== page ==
Yet many, perhaps most, Brisbaneans are reluctant to open the floodgates. When I pay a visit to Dolores Gomez, a former librarian, a resident since the 1940s, and a beloved expert on Brisbane’s “good old days,” she tells me the story of a small city that posts a sign at its entrance telling strangers to go away. “That’s what we need,” she laughs, only half joking. She voices the worry of many in town that as Brisbane expands, neighbors won’t be as close as they used to be. City council meetings have gotten less lively, she laments, and even grief doesn’t feel as collective as it used to. “When I was growing up, people took care of each other,” she says. “There was a lot more empathy expressed years ago if someone died in town.”
In the half century between Gomez’s childhood and mine, Brisbane paved its roads, became an incorporated city, and nearly doubled its population. But the Brisbane of my halcyon days feels no less Podunk than the one Gomez describes. My family sang carols at the house of the man who invented the famous Christmas stars; we rented VHS tapes from the local video store on family credit; we once stole bread dough from the dumpster of a factory in Brisbane’s industrial park and took over a downtown block for a dough fight—and no one complained. Of course, Brisbane’s sleepy insularity wasn’t always idyllic. Reputation was everything, and being different could get you publicly shamed—as I found out when I signed up for dance lessons instead of the popular soccer team and was mocked by the coach whenever I ran into him (which was frequently, since he lived three blocks from me). Later, my most successful college application essay was a seething screed about how badly I wanted to escape my hometown.
But I keep coming back. So does Madison Davis, the 25-year-old council-member who made her first oral argument at city hall at age four and has been part of many more since. Despite the worries of old-timers, Davis doesn’t forecast the end of Brisbane. “‘Small town’ isn’t how many people there are,” she says. “It’s what happens among those people.”
But what happened among the people of Brisbane after the Titchener murder-suicide was not exactly the stuff of a Norman Rockwell painting. More like Edvard Munch.
It was the media coverage of the event that led to Brisbane’s meltdown. As soon as reporters started knocking on doors for impressions of Shelly and Paul, the mood in town shifted from grief to anger: anger not only at the media, but at anyone who was willing to be interviewed. Behind closed doors, conversations seesawed between expressions of disgust at the news coverage and salivation at the case’s unanswered questions. My family, far from exempt, spent a week debating every turn of the story over a five-member group text. At a side job in a kitchen above a local bar, the Brisbane Inn, my coworkers and I couldn’t stop returning to the topic as we chopped bell peppers and grilled shrimp. The more we talked, the more it haunted our consciousness: With the crime scene still a mystery, I found myself praying I wouldn’t come across it as I jogged along San Bruno Mountain’s secluded paths. Every quiet canyon, once a peaceful hideaway, became a potential murder scene.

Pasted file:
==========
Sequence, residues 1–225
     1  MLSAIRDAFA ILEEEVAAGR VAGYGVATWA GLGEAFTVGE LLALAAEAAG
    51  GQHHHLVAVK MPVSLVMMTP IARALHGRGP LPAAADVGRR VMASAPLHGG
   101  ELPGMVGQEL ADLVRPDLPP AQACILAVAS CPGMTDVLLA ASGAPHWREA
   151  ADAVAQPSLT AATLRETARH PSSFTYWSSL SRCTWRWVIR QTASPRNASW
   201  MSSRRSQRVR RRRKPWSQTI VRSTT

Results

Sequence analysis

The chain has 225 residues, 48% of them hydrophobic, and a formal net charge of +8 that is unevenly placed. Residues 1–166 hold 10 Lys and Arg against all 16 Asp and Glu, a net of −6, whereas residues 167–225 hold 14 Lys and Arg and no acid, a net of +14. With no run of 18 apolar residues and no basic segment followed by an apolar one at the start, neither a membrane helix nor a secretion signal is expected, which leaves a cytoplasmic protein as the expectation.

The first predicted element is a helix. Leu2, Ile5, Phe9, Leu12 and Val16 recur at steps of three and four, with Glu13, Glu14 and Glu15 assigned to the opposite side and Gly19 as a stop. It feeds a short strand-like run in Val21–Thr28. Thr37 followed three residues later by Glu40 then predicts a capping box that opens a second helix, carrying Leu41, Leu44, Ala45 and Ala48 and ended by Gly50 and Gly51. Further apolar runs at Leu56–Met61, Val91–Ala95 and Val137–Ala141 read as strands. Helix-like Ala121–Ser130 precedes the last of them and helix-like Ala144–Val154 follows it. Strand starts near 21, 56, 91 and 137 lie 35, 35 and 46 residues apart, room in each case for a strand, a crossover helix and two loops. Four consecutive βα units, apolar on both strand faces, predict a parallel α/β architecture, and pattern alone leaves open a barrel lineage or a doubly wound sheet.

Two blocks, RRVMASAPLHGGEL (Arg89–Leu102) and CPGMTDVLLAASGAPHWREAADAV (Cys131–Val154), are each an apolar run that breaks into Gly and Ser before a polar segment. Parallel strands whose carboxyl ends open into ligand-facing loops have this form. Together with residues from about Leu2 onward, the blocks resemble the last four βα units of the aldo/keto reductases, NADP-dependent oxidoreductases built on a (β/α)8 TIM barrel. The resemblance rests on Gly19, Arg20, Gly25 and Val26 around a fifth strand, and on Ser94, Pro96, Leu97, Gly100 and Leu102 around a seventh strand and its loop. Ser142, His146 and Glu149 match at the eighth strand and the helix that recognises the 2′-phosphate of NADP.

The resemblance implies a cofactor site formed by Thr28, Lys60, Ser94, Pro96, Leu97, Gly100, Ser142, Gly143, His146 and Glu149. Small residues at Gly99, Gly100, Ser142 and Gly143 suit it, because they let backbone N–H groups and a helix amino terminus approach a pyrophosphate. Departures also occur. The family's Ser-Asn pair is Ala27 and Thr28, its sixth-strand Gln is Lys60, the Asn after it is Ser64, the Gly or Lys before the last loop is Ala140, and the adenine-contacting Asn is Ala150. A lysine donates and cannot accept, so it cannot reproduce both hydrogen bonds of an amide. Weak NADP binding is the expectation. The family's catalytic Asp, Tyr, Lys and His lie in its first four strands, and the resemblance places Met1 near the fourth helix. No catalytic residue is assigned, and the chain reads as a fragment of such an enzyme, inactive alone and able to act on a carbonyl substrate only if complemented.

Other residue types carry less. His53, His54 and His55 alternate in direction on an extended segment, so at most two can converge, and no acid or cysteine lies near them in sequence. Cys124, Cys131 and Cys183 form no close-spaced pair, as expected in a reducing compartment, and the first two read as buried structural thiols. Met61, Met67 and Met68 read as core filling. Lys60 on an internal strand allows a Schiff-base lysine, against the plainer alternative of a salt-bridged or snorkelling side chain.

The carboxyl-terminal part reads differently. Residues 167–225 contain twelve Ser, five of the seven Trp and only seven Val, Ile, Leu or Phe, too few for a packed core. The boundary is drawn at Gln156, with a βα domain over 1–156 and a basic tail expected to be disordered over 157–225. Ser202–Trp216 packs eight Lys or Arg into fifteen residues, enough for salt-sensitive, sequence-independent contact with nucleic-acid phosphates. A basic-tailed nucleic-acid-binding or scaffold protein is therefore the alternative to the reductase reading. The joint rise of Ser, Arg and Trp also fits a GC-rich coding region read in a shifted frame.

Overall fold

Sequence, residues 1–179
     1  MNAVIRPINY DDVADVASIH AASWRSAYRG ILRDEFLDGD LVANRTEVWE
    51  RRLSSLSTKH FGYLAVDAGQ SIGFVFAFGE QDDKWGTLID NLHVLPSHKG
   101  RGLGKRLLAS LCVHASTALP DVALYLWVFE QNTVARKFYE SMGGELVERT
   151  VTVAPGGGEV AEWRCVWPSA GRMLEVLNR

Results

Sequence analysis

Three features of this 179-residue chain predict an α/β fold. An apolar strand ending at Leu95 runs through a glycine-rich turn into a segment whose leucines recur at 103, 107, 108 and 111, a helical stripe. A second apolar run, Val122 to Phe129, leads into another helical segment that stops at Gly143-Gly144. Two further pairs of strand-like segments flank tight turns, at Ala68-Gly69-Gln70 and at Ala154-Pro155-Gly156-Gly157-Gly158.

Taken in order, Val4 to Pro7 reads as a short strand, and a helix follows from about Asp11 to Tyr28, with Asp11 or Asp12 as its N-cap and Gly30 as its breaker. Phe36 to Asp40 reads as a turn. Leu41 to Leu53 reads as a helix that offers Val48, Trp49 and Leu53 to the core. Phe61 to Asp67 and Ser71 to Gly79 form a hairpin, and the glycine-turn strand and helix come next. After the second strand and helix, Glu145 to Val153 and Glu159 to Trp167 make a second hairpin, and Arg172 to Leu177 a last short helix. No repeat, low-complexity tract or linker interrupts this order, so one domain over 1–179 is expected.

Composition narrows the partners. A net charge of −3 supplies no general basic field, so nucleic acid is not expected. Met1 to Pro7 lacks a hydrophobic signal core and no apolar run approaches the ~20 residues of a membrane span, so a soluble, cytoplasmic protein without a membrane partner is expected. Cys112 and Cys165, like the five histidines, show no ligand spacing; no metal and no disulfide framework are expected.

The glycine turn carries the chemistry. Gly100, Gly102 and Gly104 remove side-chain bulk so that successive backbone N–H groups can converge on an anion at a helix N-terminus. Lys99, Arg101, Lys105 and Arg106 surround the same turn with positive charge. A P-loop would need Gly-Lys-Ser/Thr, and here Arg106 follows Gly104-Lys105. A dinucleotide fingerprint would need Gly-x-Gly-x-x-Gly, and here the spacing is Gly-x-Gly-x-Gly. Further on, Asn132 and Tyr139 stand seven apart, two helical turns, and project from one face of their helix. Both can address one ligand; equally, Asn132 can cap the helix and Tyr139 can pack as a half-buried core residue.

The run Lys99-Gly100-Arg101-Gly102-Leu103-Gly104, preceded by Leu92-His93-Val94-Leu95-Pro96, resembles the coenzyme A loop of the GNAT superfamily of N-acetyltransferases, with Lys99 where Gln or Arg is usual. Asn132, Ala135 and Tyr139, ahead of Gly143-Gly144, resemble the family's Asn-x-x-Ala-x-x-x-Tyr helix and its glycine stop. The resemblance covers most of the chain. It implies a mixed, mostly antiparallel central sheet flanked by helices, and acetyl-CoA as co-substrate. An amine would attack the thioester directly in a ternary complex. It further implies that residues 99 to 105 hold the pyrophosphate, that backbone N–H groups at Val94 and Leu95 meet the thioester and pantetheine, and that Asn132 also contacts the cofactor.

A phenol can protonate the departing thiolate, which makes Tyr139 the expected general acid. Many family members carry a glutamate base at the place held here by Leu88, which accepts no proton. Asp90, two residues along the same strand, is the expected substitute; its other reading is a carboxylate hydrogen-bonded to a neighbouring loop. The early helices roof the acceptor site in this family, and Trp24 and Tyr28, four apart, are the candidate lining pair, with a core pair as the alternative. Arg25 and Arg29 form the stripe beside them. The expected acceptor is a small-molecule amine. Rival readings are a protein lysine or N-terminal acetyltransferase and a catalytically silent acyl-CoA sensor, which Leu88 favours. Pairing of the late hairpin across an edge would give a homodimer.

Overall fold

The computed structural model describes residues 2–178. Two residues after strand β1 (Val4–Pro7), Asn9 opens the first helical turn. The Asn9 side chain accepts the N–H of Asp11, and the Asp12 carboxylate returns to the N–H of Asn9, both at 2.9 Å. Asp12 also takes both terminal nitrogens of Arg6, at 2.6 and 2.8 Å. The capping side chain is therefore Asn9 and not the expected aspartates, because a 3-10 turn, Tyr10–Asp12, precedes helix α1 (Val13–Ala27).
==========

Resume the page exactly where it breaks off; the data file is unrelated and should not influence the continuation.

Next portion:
“This just is not Brisbane,” a bewildered neighbor told NBC News as he stood across from the Titcheners’ home. Indeed, Brisbaneans were hard-pressed to recall a single local event that had generated such fascination from inside and out. Some bring up the 2002 story of a local woman who purchased a winning lotto ticket at Julie’s Brisbane Liquor & Deli. (A Chronicle report predicted that the incident would finally put Brisbane on the map; it didn’t.) The town’s most recent previous murder, the death of a woman during a 1995 robbery, has been largely forgotten.
Though it was mid-February, Brisbaneans took out their holiday stars and lit them for Shelly. At its February meeting, the Brisbane City Council called for a moment of silence. But while city hall played host to Brisbane’s superego, another forum indulged its id: the community Facebook group, which often devolves into attacks that illustrate what things might have looked like if the Hatfields and McCoys had had access to social media. The wrangles usually involve a few frequent posters, with 800 other members logging on for their daily fix of snoopy savagery.